Hermann Melville named one of his characters in Moby Dick Starbuck after the Nantucket Starbuck whaling family. And the coffee chain Starbucks was then named after this Starbuck. It was not because Starbuck had any affinity for coffee. Starbuck was in fact chosen after Pequod, the name of his ship, had been rejected by one of the co-founders of the chain. In response Facebook spawned a “Starbuck is our name, not our coffee shop” group of Starbucks in Britain and America.
Starbuck Surname Miscellany
The Origin of Starbeck. The name Starbeck in Yorkshire originates from the Norse word stor, meaning big or large, and bekkr, a stream or brook There is an alternative reading for the suffix “-beck,” which is bokki or “river.” The so-called “great river” could have described the nearby river Wharfe, a much bigger river at that time than it is today.
Starbucks in England. While the Starbuck name may have originated in Yorkshire, this is not the place where most Starbucks in England are to be found. That honor, according the the 1891 English census, fell to the counties of Leicestershire and Nottinghamshire in the middle of the country.
The table below shows the approximate numbers and distribution of the Starbuck name in England at that time.
J&R Starbuck. By 1800 shipowning was an important part of the Starbuck business and the family owned a fleet of colliers, fishing vessels, a Leith smack and at least one Thames barge. Robert Starbuck had a boatbuilding and repair yard facing the Thames where he constructed some of the famous Gravesend Bawley boats.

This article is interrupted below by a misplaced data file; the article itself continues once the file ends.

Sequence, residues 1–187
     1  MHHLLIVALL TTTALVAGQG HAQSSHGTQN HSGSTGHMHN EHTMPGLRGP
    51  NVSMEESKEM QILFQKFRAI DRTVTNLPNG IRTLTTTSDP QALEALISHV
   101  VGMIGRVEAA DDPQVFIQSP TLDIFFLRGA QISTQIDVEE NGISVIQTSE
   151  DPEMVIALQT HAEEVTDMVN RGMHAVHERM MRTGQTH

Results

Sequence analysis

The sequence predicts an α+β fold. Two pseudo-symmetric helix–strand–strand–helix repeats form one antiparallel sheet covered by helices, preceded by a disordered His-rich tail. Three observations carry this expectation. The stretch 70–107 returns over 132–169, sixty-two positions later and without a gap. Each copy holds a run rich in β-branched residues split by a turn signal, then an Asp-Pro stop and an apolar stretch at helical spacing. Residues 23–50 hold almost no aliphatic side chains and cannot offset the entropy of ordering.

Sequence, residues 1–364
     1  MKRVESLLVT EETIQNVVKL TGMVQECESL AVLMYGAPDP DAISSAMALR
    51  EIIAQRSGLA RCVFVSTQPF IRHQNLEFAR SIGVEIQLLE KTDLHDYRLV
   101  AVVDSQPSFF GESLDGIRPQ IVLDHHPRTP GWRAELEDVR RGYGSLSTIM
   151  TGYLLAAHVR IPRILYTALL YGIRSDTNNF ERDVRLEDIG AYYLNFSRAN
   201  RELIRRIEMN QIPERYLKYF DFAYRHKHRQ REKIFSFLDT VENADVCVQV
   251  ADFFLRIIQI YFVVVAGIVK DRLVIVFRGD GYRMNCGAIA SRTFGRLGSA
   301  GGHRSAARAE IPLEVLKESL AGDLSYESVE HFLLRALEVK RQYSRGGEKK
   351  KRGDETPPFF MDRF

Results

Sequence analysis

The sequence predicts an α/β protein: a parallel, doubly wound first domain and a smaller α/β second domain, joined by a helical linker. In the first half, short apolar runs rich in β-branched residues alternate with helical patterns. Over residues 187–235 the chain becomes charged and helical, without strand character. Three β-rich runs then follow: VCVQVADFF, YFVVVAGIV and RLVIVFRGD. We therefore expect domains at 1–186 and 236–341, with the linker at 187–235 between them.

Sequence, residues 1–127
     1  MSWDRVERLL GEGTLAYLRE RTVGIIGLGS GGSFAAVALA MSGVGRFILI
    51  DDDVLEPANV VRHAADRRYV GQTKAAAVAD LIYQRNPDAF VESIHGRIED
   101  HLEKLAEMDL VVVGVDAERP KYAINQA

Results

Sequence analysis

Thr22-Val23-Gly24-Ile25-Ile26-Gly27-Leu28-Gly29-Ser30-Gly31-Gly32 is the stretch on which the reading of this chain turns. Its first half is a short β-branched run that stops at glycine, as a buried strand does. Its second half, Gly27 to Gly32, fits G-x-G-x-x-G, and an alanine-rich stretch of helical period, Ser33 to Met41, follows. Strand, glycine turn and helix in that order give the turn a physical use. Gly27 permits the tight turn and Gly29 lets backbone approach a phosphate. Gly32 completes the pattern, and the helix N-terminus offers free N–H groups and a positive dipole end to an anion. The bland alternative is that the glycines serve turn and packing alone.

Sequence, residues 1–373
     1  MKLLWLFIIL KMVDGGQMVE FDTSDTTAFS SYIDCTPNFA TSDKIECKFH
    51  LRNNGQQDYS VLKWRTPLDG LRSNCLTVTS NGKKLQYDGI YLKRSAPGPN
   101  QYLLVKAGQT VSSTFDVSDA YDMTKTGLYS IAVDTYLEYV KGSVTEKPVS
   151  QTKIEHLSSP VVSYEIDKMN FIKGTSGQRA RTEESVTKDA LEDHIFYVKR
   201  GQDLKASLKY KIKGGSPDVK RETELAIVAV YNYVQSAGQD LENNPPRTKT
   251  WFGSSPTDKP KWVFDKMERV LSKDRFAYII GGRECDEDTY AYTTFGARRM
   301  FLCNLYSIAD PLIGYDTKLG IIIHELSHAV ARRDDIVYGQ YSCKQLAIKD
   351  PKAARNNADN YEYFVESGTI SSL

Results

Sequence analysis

A vast loft housed the sailmaking and repairing business, which was so successful that by 1850 “there was hardly a ship on the Thames that failed to carry Starbuck’s stores. They were the chandlers of the district!” Demand was so great that The Slopselling (clothing) and Chandlery side was run in the 19th century by John and Robert Starbuck from No.52 West Street. They moved to its present site (then numbered 57) in about 1820.
Reader Feedback – Edward Starbuck Sr. There is no mention on your website about Edward Starbuck Sr. who has born in the year 1584. He was married to Anne Barns around the
year 1603. Their son Edward Starbuck Jr. who married Katherine Reynolds was the Starbuck from all the Starbucks in the US are descended.
Is anyone doing research on Edward Starbuck’s Sr’s parents? It
would be fantastic to go farther back in history and actually see when the Starbuck name came into England. Supposedly it came from William the Conqueror’s time and from Denmark.
PS. My husband is a direct descendant of Edward Starbuck Sr.
Rachél Ivarsson Starbuck (firstname.lastname@example.org)
Mary Coffin Starbuck and the Quakers. Throughout the 17th century, English Nantucketers resisted all attempts to establish a church on the island, partly because a woman by the name of Mary Coffin Starbuck forbade it. It was said that nothing of consequence was done on Nantucket without Mary’s approval. Mary Coffin and Nathaniel Starbuck had been the first English couple to be married on the island, in 1662, and had established a lucrative outpost for trading with the Wampanoag. Whenever an itinerant minister came to Nantucket looking to establish a congregation, he was firmly rebuffed by Mary Starbuck.